Obtaining information from a GPS using NMEA, with only one Serial Port

Hello,

I’m working on obtaining information from my GPS, but I’m currently using the Sparkfun Redboard (an Arduino Uno equivalent) and I’m having difficulty obtaining the data from the GPS, because the board only has one serial port, which is being used to communicate between the board and my computer. I’m trying to use the SoftwareSerial function to use the digital pins 10 and 11 for RX and TX, but nonetheless my code gets stuck when attempting to verify that a serial port is available. Any insight on how to fix the problem would be very welcome, thanks!

 #include <string.h>
 #include <ctype.h>
 #include <SoftwareSerial.h>

SoftwareSerial mySerial(10, 11); // RX, TX
 int ledPin = 13;                  // LED test pin
 int rxPin = 10;                    // RX PIN 
 int txPin = 11;                    // TX TX
 int byteGPS=-1;
 char linea[300] = "";
 char comandoGPR[7] = "$GPRMC";
 int cont=0;
 int bien=0;
 int conta=0;
 int indices[13];
 void setup() {
   pinMode(ledPin, OUTPUT);       // Initialize LED pin
   pinMode(rxPin, INPUT);
   pinMode(txPin, OUTPUT);
   Serial.begin(4800);
   for (int i=0;i<300;i++){       // Initialize a buffer for received data
     linea[i]=' ';
   }   
 }
 void loop() {
   digitalWrite(ledPin, HIGH);
   byteGPS=Serial.read();         // Read a byte of the serial port
   if (byteGPS == -1) {           // See if the port is empty yet
     delay(100); 
   } else {
     // note: there is a potential buffer overflow here!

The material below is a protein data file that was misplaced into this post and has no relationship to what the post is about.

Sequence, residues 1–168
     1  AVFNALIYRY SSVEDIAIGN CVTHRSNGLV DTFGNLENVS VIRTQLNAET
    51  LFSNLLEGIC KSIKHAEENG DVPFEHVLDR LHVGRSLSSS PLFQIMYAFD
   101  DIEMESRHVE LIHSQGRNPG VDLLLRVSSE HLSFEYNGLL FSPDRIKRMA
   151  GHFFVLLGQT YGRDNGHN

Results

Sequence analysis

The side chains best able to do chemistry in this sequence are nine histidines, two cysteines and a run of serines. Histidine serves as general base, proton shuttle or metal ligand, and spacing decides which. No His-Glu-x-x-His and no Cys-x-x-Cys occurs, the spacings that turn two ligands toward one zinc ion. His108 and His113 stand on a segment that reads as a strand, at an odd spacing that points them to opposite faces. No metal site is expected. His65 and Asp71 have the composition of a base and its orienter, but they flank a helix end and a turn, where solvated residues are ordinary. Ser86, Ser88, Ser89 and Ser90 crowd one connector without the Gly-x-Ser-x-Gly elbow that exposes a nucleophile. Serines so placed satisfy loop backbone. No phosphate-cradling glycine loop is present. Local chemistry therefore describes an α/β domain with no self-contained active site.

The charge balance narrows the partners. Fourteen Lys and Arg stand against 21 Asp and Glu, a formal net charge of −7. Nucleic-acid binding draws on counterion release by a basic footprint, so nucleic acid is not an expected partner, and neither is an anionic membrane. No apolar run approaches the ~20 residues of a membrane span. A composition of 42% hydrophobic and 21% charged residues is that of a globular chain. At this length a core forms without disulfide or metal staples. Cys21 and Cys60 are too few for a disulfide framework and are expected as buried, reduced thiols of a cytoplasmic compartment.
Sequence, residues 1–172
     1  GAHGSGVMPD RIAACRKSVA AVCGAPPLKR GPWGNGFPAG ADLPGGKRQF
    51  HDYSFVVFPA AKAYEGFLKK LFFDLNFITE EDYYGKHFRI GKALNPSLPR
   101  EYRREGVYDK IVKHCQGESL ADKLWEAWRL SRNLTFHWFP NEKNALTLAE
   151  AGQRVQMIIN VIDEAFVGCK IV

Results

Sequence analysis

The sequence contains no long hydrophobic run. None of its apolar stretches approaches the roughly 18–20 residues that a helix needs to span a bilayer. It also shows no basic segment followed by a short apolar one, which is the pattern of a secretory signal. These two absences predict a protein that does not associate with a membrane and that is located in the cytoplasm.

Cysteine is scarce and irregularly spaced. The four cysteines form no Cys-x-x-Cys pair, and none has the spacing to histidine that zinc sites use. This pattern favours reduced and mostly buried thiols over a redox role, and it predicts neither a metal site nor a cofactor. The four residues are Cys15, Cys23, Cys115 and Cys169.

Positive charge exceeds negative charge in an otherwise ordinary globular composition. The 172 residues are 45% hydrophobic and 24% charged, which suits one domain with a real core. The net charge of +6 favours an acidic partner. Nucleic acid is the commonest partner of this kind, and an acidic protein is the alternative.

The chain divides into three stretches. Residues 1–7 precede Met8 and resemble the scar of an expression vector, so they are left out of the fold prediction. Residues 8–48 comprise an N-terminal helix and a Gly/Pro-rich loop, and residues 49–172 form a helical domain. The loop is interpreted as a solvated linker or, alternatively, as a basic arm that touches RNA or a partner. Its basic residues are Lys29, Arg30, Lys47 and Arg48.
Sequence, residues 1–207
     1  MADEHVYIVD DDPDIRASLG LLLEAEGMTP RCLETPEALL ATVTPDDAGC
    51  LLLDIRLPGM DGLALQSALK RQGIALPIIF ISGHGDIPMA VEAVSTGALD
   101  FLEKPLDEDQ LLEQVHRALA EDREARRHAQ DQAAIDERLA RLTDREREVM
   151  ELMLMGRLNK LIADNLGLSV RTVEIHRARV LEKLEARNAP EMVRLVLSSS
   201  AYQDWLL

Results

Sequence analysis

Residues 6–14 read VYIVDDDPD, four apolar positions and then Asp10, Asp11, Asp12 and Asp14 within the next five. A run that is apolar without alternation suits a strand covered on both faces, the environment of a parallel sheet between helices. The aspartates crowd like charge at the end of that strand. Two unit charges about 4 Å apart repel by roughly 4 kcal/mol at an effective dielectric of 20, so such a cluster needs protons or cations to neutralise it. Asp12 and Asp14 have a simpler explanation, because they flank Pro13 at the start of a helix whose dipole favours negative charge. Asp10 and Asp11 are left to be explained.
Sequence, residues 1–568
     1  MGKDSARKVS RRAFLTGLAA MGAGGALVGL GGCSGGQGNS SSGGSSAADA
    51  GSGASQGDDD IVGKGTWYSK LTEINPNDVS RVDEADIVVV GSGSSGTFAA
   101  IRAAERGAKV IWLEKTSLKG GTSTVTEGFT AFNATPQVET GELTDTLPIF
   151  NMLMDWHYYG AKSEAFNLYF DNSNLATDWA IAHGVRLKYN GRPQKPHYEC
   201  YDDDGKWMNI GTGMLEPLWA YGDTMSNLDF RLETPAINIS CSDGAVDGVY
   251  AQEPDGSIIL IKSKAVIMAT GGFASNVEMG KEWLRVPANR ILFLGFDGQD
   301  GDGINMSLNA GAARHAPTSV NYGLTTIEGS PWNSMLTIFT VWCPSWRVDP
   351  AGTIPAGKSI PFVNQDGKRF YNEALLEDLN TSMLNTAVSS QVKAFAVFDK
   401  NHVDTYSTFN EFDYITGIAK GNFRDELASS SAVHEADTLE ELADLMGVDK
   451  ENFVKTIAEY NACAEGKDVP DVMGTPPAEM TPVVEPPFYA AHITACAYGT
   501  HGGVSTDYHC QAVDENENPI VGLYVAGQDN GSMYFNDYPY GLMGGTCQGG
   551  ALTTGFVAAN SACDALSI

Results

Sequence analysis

linea[conta]=byteGPS;        // If there is serial port data, it is put in the buffer
     conta++;                      
     Serial.write(byteGPS); 
     if (byteGPS==13){            // If the received byte is = to 13, end of transmission
       // note: the actual end of transmission is <CR><LF> (i.e. 0x13 0x10)
       digitalWrite(ledPin, LOW); 
       cont=0;
       bien=0;
       // The following for loop starts at 1, because this code is clowny and the first byte is the <LF> (0x10) from the previous transmission.
       for (int i=1;i<7;i++){     // Verifies if the received command starts with $GPR
         if (linea[i]==comandoGPR[i-1]){
           bien++;
         }
       }
       if(bien==6){               // If yes, continue and process the data
         for (int i=0;i<300;i++){
           if (linea[i]==','){    // check for the position of the  "," separator
             // note: again, there is a potential buffer overflow here!
             indices[cont]=i;
             cont++;
           }
           if (linea[i]=='*'){    // ... and the "*"
             indices[12]=i;
             cont++;
           }
         }
         Serial.println("");      // ... and write to the serial port
         Serial.println("");
         Serial.println("---------------");
         for (int i=0;i<12;i++){
           switch(i){
             case 0 :Serial.print("Time in UTC (HhMmSs): ");break;
             case 1 :Serial.print("Status (A=OK,V=KO): ");break;
             case 2 :Serial.print("Latitude: ");break;
             case 3 :Serial.print("Direction (N/S): ");break;
             case 4 :Serial.print("Longitude: ");break;
             case 5 :Serial.print("Direction (E/W): ");break;
             case 6 :Serial.print("Velocity in knots: ");break;
             case 7 :Serial.print("Heading in degrees: ");break;